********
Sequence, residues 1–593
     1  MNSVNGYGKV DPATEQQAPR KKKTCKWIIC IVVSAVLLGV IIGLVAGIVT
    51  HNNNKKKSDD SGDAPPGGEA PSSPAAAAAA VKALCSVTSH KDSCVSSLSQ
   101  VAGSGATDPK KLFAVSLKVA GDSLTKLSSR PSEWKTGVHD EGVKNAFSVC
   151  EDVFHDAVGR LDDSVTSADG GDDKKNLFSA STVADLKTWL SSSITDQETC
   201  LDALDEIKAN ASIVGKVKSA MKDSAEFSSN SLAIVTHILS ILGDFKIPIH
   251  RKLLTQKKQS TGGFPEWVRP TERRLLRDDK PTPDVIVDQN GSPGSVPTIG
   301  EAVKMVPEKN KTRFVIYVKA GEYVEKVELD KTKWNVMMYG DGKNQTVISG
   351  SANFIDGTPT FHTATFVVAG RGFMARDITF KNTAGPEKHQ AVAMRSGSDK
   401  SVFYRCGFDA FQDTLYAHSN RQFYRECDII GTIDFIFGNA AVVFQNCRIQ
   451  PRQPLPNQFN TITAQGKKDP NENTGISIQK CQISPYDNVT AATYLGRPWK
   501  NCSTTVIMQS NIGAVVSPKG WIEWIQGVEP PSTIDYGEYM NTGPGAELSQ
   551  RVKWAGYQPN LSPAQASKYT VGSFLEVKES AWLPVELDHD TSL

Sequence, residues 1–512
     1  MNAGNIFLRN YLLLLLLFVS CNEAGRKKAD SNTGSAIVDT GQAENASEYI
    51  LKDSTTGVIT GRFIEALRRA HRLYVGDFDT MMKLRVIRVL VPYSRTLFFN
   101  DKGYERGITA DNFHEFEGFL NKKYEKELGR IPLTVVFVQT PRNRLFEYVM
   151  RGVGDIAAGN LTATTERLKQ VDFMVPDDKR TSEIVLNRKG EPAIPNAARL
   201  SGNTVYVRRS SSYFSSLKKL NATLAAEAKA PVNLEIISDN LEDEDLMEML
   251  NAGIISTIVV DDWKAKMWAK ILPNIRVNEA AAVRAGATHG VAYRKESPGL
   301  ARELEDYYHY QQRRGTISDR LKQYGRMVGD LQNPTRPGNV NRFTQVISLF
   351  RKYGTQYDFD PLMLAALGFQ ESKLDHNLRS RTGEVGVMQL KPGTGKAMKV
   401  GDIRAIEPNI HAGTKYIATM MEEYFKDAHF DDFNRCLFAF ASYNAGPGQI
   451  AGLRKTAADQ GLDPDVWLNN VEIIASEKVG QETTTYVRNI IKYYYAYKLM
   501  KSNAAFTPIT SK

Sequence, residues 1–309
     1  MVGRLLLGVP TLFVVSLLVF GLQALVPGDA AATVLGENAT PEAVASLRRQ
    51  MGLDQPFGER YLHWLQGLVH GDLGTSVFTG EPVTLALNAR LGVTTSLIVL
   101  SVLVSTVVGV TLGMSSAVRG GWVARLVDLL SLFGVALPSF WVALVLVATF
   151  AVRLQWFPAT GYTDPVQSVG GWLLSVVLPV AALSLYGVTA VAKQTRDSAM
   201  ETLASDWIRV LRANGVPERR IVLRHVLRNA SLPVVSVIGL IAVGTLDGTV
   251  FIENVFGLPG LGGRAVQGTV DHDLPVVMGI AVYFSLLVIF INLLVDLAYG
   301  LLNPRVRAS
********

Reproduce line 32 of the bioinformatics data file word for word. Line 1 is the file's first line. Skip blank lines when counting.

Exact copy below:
   251  FIENVFGLPG LGGRAVQGTV DHDLPVVMGI AVYFSLLVIF INLLVDLAYG